Alien Life and Human Purpose: A Rhetorical Examination through History provides a rhetorical examination of the way major historical figures connect their arguments for the absence of alien life, or "unity," to their philosophical, religious, and ethical agendas. Although the unity myth has often existed in the background of society, shaping institutions and values, during periods where relativism gained prominence, its opponents actively wielded the unity myth as a response; Plato used the unity myth against the sophists, Anglican theologian and philosopher William Whewell against the utilitarians, co-discoverer of evolution Alfred Russell Wallace against the social Darwinists, university professors Frank J. Tipler and John D. Barrow against the postmodernists, etc. These individuals presented scientific defenses of unity and then used the "fact" of unity to claim the universe is teleological, knowable, and ordered, rather than chaotic and relativistic. This book argues that unity and its complimentary mythic function have played an important role in shaping values throughout history and more importantly continue to do so today.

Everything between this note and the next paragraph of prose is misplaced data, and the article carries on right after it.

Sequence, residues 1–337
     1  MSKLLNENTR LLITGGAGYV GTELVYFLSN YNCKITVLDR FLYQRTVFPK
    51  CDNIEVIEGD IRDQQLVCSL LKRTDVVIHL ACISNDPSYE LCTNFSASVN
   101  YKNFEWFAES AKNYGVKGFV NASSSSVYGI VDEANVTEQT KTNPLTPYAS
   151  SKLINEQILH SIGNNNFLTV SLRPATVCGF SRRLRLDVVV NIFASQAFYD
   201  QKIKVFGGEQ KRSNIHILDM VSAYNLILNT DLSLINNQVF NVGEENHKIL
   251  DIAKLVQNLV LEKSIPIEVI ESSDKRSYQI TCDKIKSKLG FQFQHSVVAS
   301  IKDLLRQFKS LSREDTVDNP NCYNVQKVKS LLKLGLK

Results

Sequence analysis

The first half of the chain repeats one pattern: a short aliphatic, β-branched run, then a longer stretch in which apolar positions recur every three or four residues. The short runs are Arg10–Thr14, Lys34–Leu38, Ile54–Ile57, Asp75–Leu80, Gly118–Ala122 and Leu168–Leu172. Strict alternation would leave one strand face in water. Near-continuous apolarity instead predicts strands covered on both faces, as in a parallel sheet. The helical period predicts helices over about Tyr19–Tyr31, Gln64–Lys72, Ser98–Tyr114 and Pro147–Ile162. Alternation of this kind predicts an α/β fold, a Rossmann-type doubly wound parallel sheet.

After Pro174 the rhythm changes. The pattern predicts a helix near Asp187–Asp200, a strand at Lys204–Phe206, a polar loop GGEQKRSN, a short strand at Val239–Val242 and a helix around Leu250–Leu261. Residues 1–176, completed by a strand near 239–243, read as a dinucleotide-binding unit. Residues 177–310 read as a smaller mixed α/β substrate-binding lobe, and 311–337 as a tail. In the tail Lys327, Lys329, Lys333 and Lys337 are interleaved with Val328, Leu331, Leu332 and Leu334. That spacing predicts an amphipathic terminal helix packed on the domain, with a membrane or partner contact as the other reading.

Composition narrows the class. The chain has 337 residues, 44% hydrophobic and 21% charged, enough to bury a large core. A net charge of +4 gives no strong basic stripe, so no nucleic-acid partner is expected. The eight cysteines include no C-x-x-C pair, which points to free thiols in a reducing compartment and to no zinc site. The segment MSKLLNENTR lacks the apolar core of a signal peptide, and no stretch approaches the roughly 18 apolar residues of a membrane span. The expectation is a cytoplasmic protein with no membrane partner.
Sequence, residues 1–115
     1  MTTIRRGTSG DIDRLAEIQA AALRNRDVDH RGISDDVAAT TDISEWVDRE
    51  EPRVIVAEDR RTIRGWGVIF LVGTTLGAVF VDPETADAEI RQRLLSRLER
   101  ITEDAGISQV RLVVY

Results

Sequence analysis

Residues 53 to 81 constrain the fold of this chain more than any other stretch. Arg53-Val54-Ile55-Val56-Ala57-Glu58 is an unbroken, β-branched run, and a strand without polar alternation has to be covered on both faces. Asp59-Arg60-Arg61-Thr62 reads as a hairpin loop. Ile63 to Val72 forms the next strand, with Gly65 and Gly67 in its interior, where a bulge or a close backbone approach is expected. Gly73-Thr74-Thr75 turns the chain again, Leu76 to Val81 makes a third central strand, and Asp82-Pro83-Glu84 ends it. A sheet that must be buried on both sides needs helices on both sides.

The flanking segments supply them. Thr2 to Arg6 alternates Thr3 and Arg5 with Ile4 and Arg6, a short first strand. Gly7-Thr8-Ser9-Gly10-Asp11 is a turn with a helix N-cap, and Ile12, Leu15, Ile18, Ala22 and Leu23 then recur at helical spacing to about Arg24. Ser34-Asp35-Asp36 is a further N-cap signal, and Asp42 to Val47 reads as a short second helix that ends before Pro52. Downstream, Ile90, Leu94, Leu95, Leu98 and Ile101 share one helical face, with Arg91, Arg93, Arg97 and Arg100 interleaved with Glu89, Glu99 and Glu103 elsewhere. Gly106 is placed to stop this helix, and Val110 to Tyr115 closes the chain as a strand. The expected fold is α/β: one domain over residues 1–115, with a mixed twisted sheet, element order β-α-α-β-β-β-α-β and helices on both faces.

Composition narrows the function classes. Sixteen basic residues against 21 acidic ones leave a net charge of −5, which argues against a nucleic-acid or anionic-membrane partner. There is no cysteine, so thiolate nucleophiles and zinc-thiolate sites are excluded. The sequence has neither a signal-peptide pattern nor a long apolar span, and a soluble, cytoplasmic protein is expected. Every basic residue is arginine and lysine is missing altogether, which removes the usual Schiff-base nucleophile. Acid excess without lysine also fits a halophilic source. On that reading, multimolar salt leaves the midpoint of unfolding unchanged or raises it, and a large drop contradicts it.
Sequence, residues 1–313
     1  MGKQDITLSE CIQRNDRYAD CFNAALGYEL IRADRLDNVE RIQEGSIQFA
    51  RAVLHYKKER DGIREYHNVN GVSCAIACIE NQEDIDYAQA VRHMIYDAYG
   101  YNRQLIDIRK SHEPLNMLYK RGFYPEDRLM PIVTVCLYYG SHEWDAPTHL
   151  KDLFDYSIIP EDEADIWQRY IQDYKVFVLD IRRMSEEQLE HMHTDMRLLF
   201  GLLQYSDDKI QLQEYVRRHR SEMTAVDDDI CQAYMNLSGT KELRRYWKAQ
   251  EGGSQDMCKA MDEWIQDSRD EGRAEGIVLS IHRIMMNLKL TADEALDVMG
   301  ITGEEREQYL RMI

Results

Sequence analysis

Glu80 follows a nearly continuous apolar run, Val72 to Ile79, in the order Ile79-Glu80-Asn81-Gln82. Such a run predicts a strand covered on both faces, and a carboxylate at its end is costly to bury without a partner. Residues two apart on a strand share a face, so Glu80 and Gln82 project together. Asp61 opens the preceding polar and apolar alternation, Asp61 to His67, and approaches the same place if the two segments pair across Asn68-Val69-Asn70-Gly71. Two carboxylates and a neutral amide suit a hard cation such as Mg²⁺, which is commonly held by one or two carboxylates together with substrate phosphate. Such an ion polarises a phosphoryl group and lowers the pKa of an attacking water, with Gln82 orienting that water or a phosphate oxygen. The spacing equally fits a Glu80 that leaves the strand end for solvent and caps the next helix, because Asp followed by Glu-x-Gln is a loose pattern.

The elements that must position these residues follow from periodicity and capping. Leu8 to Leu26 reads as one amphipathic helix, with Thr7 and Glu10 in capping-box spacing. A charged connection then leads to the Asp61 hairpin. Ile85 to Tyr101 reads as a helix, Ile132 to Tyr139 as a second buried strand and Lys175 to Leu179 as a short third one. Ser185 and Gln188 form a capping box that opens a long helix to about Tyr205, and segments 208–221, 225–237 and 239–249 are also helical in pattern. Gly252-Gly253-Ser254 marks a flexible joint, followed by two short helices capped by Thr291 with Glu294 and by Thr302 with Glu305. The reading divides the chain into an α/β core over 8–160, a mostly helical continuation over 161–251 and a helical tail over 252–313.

Adobe PDF eBook
Adobe EPUB eBook
Joseph Packer (Author)
Joseph Packer is assistant professor in the Department of Communication and Dramatic Arts at Central Michigan University.